Best Target Date Funds: 3 Top Picks

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The best target date funds offer a one-stop solution for low-cost retirement investing.

In this article, I’ll highlight the target date funds that Clark likes most and explain why it’s best to invest in target date funds within retirement accounts.

Table of Contents

Best Target Date Funds in 2021

Clark often describes target date funds as the “easy button” for investors. Just pick the year closest to when you think you’ll retire, put all your retirement savings into the fund and go about your life. It really can be that simple.

Target date funds figure out your portfolio allocation for you, rebalance your portfolio over time and reduce your risk profile the closer you get to retirement.

“With target date funds, you don’t have to do a thing other than invest your money,” Clark says. “It’s the ultimate in ‘set it and forget it’ investing and could be the best and easiest investment choice you ever make.”

Some of the biggest and best-known investment companies charge the fewest fees and offer the most services for this kind of investing. That’s especially true in the case of Fidelity, Schwab and Vanguard, which are Clark’s favorite brokerage firms. As you might have guessed, those firms offer his favorite target date funds, although you need to know which specific funds to buy (more on that later).

How To Evaluate Target Date Funds

You may not need to determine the best target date fund yourself. If you have a good 401(k) plan at work, just pick out the target date fund closest to when you think you’ll retire and invest in it.

However, if you’re looking to open an IRA, or you’re investing in a target date fund outside of a tax-advantaged retirement plan, here are some of the criteria to evaluate:

  • Cost. This may be the most important element of any long-term investment decision. Keeping costs low is the best way to ensure that your retirement portfolio grows into a healthy nest egg.
  • Portfolio strategy. Some fund managers are active and some are passive. Typically, active funds charge much higher annual fees (also known as “expense ratios”). More activity, however, is hardly a guarantee of a higher return. In fact, the opposite is often true.
  • Portfolio allocation. At a macro level, target date funds are alike. They purport to be singular, stand-alone portfolios that take your ideal retirement year into account. However, at a micro level, they’re all different. Some invest heavily in index funds. Others prefer individual stocks. Some rely more heavily on equities. Others shade more toward bonds.
  • Fund type. Some target date funds put you into the most conservative portfolio mix once you reach the year attached to the fund. Others extend what’s called the “glide path” years past the target date, leaving at least a little risk in your portfolio in order to outrun inflation. If you’re worried that the target date fund in which you want to invest will move toward a fixed income portfolio too quickly, you can always invest in the option that’s five years later (2060 instead of 2055, for example).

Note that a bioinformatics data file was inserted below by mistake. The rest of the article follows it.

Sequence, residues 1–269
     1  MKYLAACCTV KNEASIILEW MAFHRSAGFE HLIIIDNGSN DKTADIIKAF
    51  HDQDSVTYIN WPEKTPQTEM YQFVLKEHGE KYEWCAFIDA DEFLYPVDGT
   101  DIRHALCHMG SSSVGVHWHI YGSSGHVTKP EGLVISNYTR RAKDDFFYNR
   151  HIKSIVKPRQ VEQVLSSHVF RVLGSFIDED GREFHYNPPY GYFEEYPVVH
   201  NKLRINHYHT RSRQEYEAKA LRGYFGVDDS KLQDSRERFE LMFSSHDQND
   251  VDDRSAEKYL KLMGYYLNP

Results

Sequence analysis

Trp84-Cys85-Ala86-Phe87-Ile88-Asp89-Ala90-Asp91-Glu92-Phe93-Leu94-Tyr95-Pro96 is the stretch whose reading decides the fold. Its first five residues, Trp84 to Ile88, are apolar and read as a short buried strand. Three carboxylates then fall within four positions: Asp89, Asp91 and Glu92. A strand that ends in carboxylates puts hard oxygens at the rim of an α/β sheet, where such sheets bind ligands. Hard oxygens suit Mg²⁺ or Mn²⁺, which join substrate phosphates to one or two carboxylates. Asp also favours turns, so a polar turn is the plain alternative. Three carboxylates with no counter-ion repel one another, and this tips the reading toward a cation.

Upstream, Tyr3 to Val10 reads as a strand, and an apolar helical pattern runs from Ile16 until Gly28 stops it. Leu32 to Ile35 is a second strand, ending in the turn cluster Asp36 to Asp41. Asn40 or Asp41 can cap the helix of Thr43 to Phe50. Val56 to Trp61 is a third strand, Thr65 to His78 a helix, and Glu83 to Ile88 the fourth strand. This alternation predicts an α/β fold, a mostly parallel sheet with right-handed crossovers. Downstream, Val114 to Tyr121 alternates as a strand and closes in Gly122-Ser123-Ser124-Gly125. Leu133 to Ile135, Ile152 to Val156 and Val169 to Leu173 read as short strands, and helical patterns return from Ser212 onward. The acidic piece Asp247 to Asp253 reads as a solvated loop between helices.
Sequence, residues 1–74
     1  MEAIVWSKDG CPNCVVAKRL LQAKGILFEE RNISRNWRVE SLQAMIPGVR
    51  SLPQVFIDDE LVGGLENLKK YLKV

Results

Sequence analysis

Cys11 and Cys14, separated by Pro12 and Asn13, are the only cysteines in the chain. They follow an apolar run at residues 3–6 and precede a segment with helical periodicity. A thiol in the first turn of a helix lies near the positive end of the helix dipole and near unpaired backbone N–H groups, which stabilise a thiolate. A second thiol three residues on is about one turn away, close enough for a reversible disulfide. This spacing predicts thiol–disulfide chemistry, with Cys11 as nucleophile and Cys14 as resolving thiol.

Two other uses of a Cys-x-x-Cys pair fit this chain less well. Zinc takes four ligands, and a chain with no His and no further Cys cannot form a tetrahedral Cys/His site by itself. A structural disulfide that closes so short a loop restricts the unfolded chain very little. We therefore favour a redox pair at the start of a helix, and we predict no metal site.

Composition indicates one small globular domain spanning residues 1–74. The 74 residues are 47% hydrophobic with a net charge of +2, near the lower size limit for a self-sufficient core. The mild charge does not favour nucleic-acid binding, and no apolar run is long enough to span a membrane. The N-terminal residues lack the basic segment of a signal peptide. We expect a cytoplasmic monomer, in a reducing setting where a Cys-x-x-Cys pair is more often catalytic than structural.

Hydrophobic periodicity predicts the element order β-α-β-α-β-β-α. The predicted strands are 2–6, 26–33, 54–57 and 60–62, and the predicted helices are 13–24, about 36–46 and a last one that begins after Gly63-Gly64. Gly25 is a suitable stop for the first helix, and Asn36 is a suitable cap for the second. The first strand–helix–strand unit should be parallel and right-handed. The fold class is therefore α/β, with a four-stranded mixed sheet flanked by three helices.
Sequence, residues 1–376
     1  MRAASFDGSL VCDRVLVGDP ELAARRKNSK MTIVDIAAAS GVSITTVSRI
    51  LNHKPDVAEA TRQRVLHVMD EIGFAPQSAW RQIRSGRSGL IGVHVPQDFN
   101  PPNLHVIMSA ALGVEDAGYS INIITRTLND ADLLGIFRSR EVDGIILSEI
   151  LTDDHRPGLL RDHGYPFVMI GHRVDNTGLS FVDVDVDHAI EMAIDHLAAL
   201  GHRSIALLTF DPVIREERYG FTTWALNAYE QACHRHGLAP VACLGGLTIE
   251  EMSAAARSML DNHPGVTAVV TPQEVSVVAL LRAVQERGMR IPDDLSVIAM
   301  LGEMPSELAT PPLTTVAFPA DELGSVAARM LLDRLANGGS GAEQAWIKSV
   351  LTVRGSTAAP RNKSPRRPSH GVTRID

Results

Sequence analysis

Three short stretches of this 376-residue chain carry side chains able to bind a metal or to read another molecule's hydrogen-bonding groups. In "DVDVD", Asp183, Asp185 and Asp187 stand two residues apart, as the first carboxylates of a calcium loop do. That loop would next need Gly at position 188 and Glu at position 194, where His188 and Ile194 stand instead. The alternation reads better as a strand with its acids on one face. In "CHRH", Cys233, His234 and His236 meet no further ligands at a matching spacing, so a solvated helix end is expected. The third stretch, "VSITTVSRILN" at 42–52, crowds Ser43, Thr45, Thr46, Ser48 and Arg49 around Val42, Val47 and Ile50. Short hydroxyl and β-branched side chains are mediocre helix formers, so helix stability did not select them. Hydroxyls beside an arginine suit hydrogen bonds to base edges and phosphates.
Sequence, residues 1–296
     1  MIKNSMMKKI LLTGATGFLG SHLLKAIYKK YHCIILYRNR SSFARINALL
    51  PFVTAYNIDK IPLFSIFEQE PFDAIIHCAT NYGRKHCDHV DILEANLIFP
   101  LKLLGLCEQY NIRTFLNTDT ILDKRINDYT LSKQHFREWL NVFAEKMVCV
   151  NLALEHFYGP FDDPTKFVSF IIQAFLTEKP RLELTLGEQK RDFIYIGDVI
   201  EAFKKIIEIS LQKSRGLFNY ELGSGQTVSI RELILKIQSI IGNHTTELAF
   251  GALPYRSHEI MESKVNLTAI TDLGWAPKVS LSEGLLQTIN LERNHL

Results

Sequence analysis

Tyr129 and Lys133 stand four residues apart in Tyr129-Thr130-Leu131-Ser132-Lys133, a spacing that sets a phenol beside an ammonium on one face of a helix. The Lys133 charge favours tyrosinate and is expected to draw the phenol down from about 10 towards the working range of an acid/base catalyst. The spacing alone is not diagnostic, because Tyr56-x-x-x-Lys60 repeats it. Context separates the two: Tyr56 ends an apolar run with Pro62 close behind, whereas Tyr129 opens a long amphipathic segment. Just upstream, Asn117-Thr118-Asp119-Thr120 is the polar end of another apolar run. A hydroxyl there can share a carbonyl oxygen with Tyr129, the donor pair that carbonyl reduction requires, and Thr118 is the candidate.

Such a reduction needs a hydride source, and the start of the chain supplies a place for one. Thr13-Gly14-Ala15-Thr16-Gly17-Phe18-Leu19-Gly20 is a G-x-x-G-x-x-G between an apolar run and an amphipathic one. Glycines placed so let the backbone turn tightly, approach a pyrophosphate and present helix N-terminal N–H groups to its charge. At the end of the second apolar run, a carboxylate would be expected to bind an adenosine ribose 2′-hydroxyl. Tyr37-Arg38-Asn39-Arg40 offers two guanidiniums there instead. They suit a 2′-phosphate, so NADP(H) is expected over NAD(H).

Best Target Date Funds


Expense RatiosMinimum DepositAvailable Years
0.12% to 0.75%$02005 to 2065

The Details: Fidelity’s enormity allows it to lure new customers with some fantastic deals.

Fidelity Zero funds offer 0% expense ratios. The Fidelity Rewards Visa Signature Card offers 2% cash back on all purchases with the option to invest that cash through Fidelity.

Not everything at Fidelity is priced or marketed in a consumer-friendly way, though. The company’s target date funds are a prime example.


It pushes its Fidelity Freedom Fund line first and foremost. In fact, if you automatically invest your 2% cash back from Fidelity’s credit card into its target date funds, the Fidelity Freedom Funds are the default choices.

The annual expense ratios on those funds range from 0.47% (Fidelity Freedom 2005 Fund, which is predominantly in bonds and short-term debt) to 0.75% (Fidelity Freedom 2065 Fund, which holds 92.9% of its portfolio in equities). Those are not great ratios.

The funds Clark recommends are called Fidelity Freedom Index Funds. The expense ratio for these funds is 0.12% across the board, as they’re comprised of very few assets (all of which are broad index funds).

Let’s compare two of the funds from the same year:

Fund NameExpense RatioAll-Time Performance% In Equities
Fidelity Freedom 2050 Fund0.75%7.72% annual ROI93.1%
Fidelity Freedom Index 2050 Fund0.12%10.99% annual ROI90.3%

You can examine each of the Fidelity target date funds yourself here (you’ll need to click on the “Asset Allocation” tab).